A Peek Into The Creation of Botanical Illustration


The Campus Arboretum, in partnership with the Sonoran Desert Florilegium Program, has established a Florilegium of the Joseph Wood Krutch Garden, the University of Arizona's most important historic garden, and an inspiring model of a sustainable urban landscape. 


What is a "florilegium" (floor-eh-LEE-gee-um), you ask?

It's a collection of botanical art that documents the scientific and aesthetic value of a special garden. In this case, the Joseph Wood Krutch Garden.


Sounds old fashioned?

Well, despite advances in technology used to capture botanical detail through photography and microscopy, scientific illustration retains great value as an effective educational resource simply because it encapsulates all important views and detail magnification in one small panel. Furthermore, botanical illustrations are masterfully created and exquisitely beautiful! As such, florilegia serve as important historical records, inspiring artistic expressions, and scientific tool to record local and regional species diversity in perpetuity. 


Here's what we're doing...

The Sonoran Desert Florilegium Program has recruited artists to participate in the florilegium’s creation. Each artist works with us to choose a species, and obtain guidance to ensure that each piece of artwork conforms to detailed specifications that ensure the uniformity, quality, scientific and aesthetic value of the collection. Artists each have a unique process, but all spend hundreds of hours studying herbarium and living specimens in the field and under the microscope, sketching. reading relevant botanical treatments, confering with botanists, and laying out the botanical features on the plate. Along the way, artists consult with each other, botanical experts, and the director of the Campus Arboretum to obtain feedback, and make revisions before submitting to the  jury for review. The jury meets twice a year, and those works accepted are accessioned into the University Library Special Collection, and shared publically through exhibit.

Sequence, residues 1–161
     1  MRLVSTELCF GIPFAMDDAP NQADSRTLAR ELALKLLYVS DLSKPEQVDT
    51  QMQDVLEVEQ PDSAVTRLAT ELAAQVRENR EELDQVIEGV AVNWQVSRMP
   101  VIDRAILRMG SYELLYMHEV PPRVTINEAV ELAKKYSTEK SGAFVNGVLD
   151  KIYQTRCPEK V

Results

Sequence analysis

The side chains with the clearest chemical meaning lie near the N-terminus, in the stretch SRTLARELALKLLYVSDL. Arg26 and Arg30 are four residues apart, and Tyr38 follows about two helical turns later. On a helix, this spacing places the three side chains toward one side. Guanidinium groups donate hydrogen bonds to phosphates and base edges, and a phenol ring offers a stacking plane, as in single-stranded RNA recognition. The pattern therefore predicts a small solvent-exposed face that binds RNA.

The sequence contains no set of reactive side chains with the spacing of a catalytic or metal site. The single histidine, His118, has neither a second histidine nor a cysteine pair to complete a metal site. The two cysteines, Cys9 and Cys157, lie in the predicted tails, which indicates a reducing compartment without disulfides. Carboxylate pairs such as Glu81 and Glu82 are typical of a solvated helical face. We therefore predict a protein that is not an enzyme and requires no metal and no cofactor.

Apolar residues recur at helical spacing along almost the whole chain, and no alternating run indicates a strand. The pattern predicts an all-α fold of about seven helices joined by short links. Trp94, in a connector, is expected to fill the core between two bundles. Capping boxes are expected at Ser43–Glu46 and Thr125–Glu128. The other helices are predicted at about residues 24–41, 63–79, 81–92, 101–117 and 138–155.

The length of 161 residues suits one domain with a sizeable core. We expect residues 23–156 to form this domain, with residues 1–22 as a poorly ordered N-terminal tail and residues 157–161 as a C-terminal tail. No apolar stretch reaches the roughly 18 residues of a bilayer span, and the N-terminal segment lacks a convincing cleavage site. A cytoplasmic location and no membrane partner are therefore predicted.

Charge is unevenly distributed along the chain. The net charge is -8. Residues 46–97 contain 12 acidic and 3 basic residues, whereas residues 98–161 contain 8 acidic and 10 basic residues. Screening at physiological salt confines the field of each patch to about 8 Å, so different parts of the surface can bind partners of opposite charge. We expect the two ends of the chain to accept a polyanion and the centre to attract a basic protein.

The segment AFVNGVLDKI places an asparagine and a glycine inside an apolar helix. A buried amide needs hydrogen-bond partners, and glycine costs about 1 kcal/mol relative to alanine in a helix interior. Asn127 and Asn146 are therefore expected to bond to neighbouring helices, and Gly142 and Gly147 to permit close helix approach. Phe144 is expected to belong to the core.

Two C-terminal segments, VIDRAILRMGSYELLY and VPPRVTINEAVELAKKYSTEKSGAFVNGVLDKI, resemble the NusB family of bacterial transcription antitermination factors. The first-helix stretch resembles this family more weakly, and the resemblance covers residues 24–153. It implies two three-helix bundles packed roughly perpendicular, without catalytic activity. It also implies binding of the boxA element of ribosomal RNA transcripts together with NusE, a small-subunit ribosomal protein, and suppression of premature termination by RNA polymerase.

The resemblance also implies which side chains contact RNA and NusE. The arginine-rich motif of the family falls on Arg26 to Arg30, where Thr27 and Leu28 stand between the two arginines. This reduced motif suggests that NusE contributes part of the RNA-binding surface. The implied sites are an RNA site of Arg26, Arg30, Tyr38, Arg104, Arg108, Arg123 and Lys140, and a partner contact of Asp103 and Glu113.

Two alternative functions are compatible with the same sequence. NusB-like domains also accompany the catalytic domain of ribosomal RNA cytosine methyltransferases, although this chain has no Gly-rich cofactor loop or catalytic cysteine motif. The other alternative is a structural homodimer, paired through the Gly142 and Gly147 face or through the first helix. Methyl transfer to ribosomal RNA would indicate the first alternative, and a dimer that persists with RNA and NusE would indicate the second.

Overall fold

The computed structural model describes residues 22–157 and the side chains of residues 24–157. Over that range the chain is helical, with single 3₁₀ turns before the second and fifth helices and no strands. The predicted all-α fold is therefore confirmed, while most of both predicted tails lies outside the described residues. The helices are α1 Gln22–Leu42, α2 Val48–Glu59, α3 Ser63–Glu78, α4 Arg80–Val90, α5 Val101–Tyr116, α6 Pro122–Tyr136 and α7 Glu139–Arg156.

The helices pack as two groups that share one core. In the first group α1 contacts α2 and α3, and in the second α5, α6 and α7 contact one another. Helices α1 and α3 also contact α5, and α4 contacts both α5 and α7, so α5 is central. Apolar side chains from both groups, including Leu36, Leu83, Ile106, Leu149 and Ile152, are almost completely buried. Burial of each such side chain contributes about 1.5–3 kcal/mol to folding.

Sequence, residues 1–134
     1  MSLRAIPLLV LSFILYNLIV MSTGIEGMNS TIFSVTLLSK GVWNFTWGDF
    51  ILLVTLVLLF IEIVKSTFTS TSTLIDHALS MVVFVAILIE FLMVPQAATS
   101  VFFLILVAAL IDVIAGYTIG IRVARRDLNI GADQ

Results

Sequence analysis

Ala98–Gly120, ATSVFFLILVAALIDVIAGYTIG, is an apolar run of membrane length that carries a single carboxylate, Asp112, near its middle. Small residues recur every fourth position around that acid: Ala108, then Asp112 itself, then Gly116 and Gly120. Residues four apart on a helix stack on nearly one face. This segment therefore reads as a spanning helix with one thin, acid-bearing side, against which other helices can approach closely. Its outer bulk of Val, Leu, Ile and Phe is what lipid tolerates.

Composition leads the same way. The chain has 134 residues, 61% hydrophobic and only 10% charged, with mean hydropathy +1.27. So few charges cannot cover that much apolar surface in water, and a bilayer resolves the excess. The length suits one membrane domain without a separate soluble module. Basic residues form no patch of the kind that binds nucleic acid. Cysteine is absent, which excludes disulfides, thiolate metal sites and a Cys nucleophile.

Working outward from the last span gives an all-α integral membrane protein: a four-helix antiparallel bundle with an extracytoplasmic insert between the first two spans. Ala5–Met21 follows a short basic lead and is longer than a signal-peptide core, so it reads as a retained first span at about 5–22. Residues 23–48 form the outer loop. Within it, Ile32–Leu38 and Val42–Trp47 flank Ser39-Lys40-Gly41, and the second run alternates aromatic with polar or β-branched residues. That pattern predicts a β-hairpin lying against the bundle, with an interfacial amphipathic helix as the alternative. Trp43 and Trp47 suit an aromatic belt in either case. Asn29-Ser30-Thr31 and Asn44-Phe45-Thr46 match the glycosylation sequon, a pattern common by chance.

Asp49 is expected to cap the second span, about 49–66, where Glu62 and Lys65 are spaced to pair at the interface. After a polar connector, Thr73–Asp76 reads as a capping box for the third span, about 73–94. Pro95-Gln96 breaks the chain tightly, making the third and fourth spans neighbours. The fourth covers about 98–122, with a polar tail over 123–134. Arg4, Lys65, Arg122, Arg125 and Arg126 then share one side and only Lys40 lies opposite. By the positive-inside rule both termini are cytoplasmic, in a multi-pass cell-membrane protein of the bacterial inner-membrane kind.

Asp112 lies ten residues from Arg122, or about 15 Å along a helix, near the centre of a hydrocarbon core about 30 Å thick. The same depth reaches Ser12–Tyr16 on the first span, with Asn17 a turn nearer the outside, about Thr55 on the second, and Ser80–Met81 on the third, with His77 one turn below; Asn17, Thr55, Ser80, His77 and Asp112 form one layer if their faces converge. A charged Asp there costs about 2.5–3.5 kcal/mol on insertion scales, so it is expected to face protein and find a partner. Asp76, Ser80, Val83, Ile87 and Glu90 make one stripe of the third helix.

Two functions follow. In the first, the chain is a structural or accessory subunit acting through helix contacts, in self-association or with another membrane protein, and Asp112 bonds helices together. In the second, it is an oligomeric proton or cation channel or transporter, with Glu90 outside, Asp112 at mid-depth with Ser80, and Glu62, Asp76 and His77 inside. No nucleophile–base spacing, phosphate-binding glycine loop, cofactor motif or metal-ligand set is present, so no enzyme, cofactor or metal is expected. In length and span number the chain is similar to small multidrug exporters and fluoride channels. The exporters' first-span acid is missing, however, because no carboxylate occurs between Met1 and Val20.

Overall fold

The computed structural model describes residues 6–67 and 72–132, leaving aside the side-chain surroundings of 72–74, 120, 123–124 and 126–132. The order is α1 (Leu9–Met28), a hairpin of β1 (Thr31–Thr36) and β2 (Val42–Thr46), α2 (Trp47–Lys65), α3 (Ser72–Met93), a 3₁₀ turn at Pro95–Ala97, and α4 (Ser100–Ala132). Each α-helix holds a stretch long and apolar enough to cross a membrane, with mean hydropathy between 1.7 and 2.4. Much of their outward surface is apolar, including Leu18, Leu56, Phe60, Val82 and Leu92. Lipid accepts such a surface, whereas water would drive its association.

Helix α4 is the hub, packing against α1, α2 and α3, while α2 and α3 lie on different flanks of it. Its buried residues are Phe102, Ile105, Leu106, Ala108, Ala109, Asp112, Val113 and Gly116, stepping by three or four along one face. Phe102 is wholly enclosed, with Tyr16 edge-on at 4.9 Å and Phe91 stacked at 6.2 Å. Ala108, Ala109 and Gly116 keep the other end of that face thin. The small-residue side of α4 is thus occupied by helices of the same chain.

Here's how we're doing it...

Thanks to the generosity of Keith and Brenda Taylor, the Campus Arboretum is able to compensate artists for their commissioned work. The whole process from start to finish involves curiosity, study, scientific evaluation, artistic expression, and so many wonderful, dedicated, and generous people. The end result reflects all of this. Here's a glimpse of into the fascinating process of creating a scientific illustration.


Here's a sneak peak of work in various stages of completion:




















A photo of creosote, like this, may inspire the study.


Hours of study lead to more hours of sketching to get each feature just right!




















Sketches are laid out on the page to display botanical aspects in a logical and balanced way.



















Color is a critical diagnostic aspect of species identity and must be added and built up carefully to achieve accurate representation.